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The Jerusalem Council

(Acts 15:1,2,6-15,19,20,28)

Lesson 11 -- second quarter 2001
May 13, 2001

by Mark Roth
© Copyright 2001, Christian Light Publications

Does God recognize the binding and loosing of the church?

This question obviously addresses the authority of the church to make rules pertaining to its members. One factor that makes this issue so perilous and controversial is people legislating requirements which God didn't "bother" putting in the Bible. Did God keep silence on a particular issue because He doesn't care what we do in that regard, or because He gave us principles to apply in its case? Generally speaking, I think the answer to that question is the second option: God has given us principles to apply.

I do not believe that God recognizes the church's binding and loosing when it violates His expressed will. I believe His expressed will includes the life principles He has established. For example, I believe that God does not endorse a congregation's decision to approve same-gender marriages. That is a violation of His expressed will. On the other hand, I believe that God does approve of a church's decision to ban tobacco farming on the principle that we ought not participate in that which brings harm to His temple, our bodies.

But what if my congregation decides to tackle the issue of the Internet? Well, praise the Lord! I think Internet use needs guidelines and even restrictions. However, other folks believe that it needs banning, and others, that it needs no further oversight than the Spirit of God in the heart of the individual believer. So prior to the group establishing an Internet policy, I think each person needs to determine which elements of his position are Biblical and discard all others. Each person also needs to search the Scriptures to determine if his position is missing other elements. Then we're ready for the next question....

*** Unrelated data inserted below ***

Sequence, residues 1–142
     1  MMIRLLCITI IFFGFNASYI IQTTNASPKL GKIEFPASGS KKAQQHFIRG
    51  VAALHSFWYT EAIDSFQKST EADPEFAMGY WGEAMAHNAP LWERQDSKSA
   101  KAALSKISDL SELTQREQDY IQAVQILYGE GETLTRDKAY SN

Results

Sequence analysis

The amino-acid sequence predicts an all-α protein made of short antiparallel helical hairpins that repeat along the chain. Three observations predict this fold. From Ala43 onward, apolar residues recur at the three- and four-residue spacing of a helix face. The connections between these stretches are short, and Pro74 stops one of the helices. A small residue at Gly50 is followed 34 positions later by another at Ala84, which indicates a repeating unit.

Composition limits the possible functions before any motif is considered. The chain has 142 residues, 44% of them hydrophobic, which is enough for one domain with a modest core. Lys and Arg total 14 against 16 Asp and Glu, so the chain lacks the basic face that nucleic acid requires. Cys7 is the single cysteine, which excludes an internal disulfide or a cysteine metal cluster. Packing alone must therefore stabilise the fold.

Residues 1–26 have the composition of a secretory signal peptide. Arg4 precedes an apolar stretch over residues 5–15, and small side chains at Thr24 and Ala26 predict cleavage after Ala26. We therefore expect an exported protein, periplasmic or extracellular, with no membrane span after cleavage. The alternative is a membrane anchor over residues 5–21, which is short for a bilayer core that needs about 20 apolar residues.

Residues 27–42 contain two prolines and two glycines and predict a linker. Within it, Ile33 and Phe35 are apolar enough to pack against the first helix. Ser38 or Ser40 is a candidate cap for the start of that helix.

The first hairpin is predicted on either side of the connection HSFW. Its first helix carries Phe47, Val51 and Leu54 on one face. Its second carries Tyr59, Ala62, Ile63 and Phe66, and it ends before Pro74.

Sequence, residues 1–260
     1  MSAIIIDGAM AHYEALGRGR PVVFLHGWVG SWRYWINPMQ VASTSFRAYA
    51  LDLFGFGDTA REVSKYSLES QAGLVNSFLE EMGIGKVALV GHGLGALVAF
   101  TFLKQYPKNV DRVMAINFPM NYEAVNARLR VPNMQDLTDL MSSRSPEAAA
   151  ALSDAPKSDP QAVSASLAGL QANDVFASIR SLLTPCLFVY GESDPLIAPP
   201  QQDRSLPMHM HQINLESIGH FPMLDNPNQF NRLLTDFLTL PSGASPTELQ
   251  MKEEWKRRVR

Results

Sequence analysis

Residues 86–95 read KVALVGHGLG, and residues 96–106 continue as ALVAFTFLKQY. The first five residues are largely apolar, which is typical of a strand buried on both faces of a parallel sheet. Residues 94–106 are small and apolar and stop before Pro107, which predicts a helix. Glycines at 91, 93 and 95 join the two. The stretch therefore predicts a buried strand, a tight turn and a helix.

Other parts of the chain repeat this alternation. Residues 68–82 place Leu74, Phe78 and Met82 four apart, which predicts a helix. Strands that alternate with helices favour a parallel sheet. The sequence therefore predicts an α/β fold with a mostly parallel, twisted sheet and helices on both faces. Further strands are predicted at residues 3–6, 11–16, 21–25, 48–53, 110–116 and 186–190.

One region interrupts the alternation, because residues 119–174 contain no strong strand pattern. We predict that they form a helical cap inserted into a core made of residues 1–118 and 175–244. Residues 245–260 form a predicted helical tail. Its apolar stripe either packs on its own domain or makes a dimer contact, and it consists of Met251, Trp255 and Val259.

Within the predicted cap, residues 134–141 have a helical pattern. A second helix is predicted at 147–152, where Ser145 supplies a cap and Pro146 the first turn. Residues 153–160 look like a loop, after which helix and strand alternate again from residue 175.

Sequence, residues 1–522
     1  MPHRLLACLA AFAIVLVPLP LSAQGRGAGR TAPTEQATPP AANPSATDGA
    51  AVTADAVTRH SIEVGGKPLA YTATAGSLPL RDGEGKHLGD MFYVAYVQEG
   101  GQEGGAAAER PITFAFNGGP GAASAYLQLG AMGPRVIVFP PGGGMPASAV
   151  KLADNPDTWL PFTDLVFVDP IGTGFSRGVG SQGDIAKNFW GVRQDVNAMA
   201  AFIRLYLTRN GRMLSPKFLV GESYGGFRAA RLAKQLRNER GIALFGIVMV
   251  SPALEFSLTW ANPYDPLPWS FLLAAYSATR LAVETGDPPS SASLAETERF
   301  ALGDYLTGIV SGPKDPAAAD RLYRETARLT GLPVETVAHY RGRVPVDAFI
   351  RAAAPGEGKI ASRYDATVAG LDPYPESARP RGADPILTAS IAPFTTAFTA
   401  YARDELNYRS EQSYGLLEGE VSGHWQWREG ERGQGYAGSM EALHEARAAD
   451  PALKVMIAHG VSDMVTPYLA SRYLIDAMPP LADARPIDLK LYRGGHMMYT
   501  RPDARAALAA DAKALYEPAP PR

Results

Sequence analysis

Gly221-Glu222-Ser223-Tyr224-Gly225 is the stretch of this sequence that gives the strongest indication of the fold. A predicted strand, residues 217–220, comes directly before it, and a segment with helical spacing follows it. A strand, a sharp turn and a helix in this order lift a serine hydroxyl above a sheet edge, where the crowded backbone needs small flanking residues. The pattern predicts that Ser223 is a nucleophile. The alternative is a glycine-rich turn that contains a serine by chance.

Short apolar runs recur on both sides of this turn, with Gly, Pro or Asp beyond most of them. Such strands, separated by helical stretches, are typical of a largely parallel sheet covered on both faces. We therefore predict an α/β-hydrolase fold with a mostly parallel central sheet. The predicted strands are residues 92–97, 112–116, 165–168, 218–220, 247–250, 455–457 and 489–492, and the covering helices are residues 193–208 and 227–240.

What is required to overcome disagreements?

Divisions, disagreements and contentions rack the church in our day. That this is so surprises few and discourages many. Unfortunately, many harp about them while participating in them, but few work to overcome them. Perhaps if more knew what it takes to overcome disagreements, more would work at such a project. So let's consider just several of the requirements.

A common goal and purpose. Before we can overcome our disagreements, each of us needs to have that as one of our goals. Aiming to win an argument (pardon me; a "discussion"!) has little resemblance to striving to overcome a disagreement. We must also purpose to find out what God has to say about the matter. Our own opinions and convictions should not be set aside just because we want agreement; however, they should give way to God and His Word.

A commitment to truth and unity. We need both of these factors to maintain our balance. Some folks cling to truth (or at least their version of it) so tenaciously that they can achieve unity with few others. Others value unity so highly they willingly sacrifice truth on the altar to oneness. So when differing parties get together to honestly seek agreement, they must all come with a commitment to both truth and unity. And their commitment to these must exceed their commitment to their own way. That can be very difficult indeed!

An open and humble mind. It seems we expect others to be open to additional truth, but we feel we are too right to benefit from that type of openness. Though we should be firmly convinced of what we believe, we need to maintain a certain openness to the possibility we might be in error. This kind of openness has nothing to do with flimsiness of conviction and much to do with humility of mind.

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